China working on a blockchain platform for the steel industry
China’s main trade association for metals is building a consortium blockchain to cover the entire steel supply chain. Chen Leiming, Vice Chairman and Secretary-General of the China National Association of Metal Material Trade, outlined the development in an interview with Huoxun. China is the world’s largest producer (51%) and the largest consumer of steel. The steel trade association set up the Steel Industry Chain Blockchain Alliance in 2018.
“I think that blockchain technology has a lot of room to play in the steel industry and the field of commodities,” said Leiming in a statement.
Issues in the Chinese steel sector
Leiming sees Chinese overcapacity and the absence of coordination within the supply chain as the two primary challenges facing the steel sector. In 2019, China’s crude steel production hit 996.3 million tonnes, and consumption reached 889.8 million tonnes. Even with the excess production, the capacity is even higher. Moreover, Leiming states there’s a lack of coordination between upstream, midstream, and downstream players. He recommends utilizing technology like blockchain to enhance productivity and efficiency in the movement of goods.
Problems with finance
Ten years ago, various cases of double-financing of warehouse goods came to light, which dampened the risk appetite of banks. Leiming says in a statement blockchain could allow traceability of steel from mine to finished product, involving storage, trading, processing, and logistics. As an immutable ledger, blockchain could offer proof of provenance and decrease the risk of fraud.
While Leiming recommends this can decrease the risk of repeatedly pledging the same assets for finance, this depends on a single blockchain or interoperable platforms so that all financiers coordinate to assure there is no double pledging.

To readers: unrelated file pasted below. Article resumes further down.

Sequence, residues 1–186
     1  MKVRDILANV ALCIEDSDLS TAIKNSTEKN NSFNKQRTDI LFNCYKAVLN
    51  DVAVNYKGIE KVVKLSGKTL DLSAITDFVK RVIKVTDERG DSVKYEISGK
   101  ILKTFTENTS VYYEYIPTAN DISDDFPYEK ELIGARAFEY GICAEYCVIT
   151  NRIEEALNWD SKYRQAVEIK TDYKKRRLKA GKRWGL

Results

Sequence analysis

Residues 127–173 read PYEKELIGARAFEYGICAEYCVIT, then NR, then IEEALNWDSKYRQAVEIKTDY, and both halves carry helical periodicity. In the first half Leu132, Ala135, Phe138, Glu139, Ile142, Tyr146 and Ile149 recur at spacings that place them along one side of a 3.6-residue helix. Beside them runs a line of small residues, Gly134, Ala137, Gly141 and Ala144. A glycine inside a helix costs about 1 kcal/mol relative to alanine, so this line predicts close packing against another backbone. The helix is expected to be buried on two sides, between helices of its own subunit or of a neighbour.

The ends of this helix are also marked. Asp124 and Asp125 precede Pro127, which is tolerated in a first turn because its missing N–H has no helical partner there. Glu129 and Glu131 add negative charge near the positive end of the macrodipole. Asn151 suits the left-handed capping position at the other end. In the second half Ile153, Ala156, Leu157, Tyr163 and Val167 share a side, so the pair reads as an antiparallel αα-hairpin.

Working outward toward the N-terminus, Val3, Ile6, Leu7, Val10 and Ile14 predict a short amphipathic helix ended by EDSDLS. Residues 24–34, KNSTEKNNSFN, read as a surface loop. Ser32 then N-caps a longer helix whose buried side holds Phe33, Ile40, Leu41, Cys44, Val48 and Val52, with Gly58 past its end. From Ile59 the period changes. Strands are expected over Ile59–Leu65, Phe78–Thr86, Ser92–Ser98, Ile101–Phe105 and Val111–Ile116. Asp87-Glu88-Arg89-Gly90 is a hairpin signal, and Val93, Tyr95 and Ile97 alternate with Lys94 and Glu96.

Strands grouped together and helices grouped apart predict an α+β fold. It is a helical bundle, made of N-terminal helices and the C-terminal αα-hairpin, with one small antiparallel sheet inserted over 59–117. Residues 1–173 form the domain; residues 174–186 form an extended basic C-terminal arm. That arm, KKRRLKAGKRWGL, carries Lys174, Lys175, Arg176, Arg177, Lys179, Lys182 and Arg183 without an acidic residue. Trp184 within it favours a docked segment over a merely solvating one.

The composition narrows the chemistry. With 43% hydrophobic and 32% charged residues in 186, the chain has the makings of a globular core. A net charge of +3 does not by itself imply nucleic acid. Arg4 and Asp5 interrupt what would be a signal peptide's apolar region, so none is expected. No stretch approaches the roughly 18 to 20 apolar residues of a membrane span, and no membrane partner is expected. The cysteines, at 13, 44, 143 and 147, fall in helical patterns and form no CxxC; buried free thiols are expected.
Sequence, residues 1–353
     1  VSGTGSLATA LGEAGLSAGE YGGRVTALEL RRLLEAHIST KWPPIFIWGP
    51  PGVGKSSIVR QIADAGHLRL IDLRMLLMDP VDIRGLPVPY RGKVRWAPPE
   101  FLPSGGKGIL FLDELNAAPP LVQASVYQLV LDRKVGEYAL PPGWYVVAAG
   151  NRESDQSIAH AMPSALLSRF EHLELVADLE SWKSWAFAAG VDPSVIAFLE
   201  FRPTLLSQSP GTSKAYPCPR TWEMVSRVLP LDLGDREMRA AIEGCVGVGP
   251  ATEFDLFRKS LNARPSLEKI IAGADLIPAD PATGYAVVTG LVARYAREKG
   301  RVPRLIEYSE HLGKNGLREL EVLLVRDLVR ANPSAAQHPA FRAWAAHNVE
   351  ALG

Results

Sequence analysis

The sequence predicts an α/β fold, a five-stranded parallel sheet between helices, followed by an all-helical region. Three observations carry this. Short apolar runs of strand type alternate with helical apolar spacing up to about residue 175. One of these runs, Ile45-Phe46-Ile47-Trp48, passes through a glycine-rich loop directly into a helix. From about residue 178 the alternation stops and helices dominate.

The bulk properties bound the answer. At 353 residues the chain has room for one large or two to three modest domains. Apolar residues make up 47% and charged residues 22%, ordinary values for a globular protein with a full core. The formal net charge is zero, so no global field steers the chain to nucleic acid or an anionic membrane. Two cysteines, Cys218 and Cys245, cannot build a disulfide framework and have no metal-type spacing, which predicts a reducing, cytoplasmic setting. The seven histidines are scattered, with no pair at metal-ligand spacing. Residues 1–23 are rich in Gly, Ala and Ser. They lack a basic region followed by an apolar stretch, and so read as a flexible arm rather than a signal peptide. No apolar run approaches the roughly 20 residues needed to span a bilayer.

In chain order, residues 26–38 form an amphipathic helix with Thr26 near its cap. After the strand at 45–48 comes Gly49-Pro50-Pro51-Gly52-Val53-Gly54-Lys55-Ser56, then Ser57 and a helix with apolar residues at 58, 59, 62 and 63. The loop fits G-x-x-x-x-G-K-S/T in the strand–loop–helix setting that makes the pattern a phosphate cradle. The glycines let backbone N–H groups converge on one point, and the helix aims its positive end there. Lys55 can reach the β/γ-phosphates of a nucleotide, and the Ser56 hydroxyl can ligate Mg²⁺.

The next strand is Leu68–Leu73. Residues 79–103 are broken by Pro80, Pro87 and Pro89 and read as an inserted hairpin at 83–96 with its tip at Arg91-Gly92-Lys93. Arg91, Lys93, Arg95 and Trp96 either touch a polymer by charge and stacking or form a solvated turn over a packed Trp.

Other steel blockchain applications
The Alliance is recently the primary blockchain consortium in the steel industry. Nevertheless, a handful of blockchain use cases are being used in the sector. One of the applications is for supply chain finance. In 2015, China’s state-owned steel company Baosteel helped set up an online e-commerce steel portal, Ouye Yunshang.
In 2018, the portal built the “Shanghai Commodity Blockchain Supply Chain Financial Application Demonstration Project” in Association with the Central Bank Digital Currency Institute. It develops a digital asset “Tongbao” representing the financed invoice liability on the blockchain.
The supply chain finance platform processed 20 billion yuan in cumulative transactions and had about 1,000 SMEs partaking at the end of October 2019. The smallest transaction was for as little as 3,800 yuan ($535). Since then, the Tongbao assets have been bundled up as an Asset Backed Security (ABS) and listed on the Shanghai Stock Exchange. Another initiative is a blockchain digital asset platform developed by Jiwei Internet of Things. The solution allows the tracking of goods between warehouses and the transfer of cargo rights and other assets. Lastly, Zheshang Bank has created five service platforms, involved a receivables blockchain, and a warehouse receipt solution.
Now, the Association is developing a consortium chain, particularly for the steel industry utilizing blockchain, AI, IoT, and other technologies. The aim is to bring all stakeholders on a single platform and create a modern steel supply chain. “Blockchain technology can play a role in the entire link of the steel industry, such as raw material procurement, production and processing, trade circulation, logistics and transportation, processing and distribution, and to the terminal link,” said Leiming in a statement.
He added that it could also prove beneficial for funding by allowing better trust via IoT and other sensor technologies. The blockchain project has the aid of Baosteel, Wuhan Iron and Steel, Anshan Iron and Steel, and other enterprises. Other organizations supporting the initiative are the China Construction Department, China Railway Department, and construction and automobile companies in some provinces and cities.